- About the
- Museum &
This beautiful 280-acre site contains approximately 130-acres of clear water in two lakes, one of which is the county's largest lake. The area also includes 2.5 miles of forest along the Sangamon River as well as a 1-mile nature trail, and a 1.2-mile multi-use trail.
River Bend opens at 7 AM year-round, weather-permitting. Closing times vary:
|1st Saturday in April||
|1st Monday in September||
|Monday before Halloween||
This preserve was once a sand and gravel mine. As part of its restoration, ponds called wetland bioswales were constructed with grass buffers to catch silt and pollutants from stormwater runoff. More than 700 tons of topsoil were brought in to help stabilize user areas, reduce erosion, and allow more than 400 native trees and shrubs to be planted. Additionally, all roads and parking lots, along with the multi-use trail, were built with recycled paving material.
9-11 Memorial Woodland
Located on the west side of the preserve, this woodland was established by the citizens of Champaign County as a lasting tribute to those who lost their lives on September 11, 2001. The first tree was planted on September 11, 2002, and on the fifth anniversary an interpretive sign officially naming the area was unveiled.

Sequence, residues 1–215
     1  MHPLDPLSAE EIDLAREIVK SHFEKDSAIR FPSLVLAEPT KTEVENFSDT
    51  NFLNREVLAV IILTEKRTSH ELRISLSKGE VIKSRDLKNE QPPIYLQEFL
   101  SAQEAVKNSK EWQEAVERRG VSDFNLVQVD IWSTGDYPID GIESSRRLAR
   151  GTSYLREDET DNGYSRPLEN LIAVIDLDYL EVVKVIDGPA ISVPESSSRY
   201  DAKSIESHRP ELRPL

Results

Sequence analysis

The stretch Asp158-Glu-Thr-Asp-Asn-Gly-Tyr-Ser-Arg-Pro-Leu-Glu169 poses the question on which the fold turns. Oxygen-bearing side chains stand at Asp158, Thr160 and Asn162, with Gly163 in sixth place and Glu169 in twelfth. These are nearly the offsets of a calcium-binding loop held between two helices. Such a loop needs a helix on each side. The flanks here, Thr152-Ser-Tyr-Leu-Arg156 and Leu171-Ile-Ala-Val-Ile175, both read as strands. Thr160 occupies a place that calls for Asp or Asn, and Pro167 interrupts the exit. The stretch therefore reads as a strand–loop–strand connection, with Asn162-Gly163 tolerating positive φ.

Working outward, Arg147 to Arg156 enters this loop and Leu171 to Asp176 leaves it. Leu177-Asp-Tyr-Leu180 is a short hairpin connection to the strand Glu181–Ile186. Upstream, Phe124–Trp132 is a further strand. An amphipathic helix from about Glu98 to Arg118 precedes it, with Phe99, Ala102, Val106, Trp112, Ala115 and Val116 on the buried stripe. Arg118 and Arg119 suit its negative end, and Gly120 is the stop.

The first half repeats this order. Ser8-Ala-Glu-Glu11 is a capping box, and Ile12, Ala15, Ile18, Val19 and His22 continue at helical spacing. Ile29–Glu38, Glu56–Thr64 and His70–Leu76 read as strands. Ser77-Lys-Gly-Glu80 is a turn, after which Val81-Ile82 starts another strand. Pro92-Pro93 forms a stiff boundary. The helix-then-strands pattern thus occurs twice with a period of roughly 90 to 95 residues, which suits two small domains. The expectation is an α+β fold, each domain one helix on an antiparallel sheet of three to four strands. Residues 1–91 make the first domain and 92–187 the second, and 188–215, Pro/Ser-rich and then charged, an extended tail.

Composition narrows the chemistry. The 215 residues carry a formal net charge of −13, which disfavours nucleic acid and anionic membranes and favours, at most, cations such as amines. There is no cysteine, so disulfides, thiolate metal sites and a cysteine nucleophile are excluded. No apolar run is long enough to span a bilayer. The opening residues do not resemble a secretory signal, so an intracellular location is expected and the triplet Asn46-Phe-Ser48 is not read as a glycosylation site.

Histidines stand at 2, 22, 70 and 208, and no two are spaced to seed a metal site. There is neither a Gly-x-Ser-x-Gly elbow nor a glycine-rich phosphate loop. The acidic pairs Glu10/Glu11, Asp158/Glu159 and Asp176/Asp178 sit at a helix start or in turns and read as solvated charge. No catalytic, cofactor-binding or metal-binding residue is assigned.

Possibility Pier, designed for universal accessibility, allows a seated person to fish through railing slots and use tackle tables at just the right height. Part of the pier is even under roof to keep the summer sun at bay, and a picnic table allows for lunch on the water! Artificial aquatic weeds strung from the bottom of the pier attract fish, and specially-constructed habitat structures on the bottom do the same. The result is the best fishing opportunity in the area for those without a boat.
All CCFPD rules and ordinances are in effect. Be especially aware that (1) Dogs must always be leashed; (2) Alcohol, camping and hunting are prohibited; and (3) Watercraft power is limited to oar, paddle, or electric trolling motors.
Buoy lines should not be crossed, moved or used for anchoring. Areas marked as private property do not belong to the Forest Preserve District, and crossing into them is trespassing and against the law.
Please Help Preserve Water Quality
Invasive Species such as Zebra Mussel, Asian Carp, and Eurasian Watermilfoil have invaded Illinois at a very large cost. These small pieces of live plant material or young animals can be carried inside boat motors, livewells or trailers for several days, and be inadvertently deposited into new areas. Once deposited, they adapt quickly and can aggressively overtake native populations of plants and animals and deplete our natural resources.
To Protect Water and Wildlife:
Your efforts in preserving the quality of this special facility are greatly appreciated.